#### CRI

The probability of cancer risk is determined by oral slope factor (SFO) value of hazardous cancer-causing chemicals. In RAIS database, SFO value has been derived for Cr, As, and Pb, shown in Table S3 of SI. The cancer risk can be mathematically expressed as follows (Eq. (9)):
##### (9)
$Cancer risk index (CRI)=ADDi×SFO$
The cancer risk values evaluated at a sampling location can be classified into two categories where value ≤1×10−6 indicates acceptable level or very low risk of cancer, which means 1 person per 1,000,000, might be prone to cancer as a consequence of the exposure, while value ≥ 1×10−6 indicates a high risk of cancer [20].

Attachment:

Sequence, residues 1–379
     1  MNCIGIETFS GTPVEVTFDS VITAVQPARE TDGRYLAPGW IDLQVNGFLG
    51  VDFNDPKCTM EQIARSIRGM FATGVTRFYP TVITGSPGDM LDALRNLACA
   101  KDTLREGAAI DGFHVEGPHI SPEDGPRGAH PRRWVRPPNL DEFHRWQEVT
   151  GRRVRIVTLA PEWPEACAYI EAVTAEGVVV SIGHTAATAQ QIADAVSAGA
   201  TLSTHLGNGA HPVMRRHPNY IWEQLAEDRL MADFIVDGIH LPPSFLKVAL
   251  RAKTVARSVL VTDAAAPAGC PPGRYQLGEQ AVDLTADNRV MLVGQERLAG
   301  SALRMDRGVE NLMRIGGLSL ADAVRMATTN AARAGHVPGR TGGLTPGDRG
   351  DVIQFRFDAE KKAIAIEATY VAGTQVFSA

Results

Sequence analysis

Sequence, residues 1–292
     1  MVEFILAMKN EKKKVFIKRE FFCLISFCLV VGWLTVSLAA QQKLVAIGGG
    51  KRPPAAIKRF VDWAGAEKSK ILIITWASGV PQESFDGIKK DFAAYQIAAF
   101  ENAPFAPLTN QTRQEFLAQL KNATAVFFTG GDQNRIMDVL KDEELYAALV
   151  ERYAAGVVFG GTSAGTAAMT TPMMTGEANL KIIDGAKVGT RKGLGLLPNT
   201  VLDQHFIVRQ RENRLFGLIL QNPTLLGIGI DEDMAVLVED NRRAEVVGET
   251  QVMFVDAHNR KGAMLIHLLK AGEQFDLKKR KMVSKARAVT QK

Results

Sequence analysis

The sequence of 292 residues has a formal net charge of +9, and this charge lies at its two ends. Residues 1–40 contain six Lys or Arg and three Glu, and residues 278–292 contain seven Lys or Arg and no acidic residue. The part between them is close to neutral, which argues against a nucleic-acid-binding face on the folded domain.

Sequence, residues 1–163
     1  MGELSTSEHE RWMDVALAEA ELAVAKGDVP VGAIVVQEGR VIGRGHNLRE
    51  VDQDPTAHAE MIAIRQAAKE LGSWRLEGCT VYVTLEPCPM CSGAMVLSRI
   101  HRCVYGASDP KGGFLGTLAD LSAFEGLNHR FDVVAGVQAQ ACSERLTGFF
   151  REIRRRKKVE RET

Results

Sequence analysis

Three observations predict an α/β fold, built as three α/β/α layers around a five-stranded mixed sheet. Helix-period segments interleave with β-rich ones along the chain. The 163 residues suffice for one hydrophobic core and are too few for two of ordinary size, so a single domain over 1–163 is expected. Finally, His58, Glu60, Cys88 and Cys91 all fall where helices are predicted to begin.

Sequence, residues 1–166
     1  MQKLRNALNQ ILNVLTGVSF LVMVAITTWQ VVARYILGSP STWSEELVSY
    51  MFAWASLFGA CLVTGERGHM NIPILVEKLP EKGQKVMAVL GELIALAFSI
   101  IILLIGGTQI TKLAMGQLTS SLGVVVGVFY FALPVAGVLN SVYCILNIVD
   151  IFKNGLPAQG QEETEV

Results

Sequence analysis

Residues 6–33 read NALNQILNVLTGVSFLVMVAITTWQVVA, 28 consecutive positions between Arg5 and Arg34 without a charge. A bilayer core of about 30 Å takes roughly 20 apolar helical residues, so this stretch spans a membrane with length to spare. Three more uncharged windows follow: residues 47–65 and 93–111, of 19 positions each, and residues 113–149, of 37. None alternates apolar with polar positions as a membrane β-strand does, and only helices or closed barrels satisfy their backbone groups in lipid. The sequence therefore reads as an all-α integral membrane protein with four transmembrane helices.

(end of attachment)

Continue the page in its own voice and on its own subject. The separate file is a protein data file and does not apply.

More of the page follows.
### 2.4. Environmetrics Techniques

The environmetrics statistical analysis of heavy metal concentration datasets was performed through HCA and PCA, using SPSS version 16.0 software. The HCA based on Ward method was used to develop the cluster of sampling locations that have similar pollution load. The PCA was used to classify the trend of metal contamination and to predict the input source of contamitants in the river.

### 3. Results and Discussion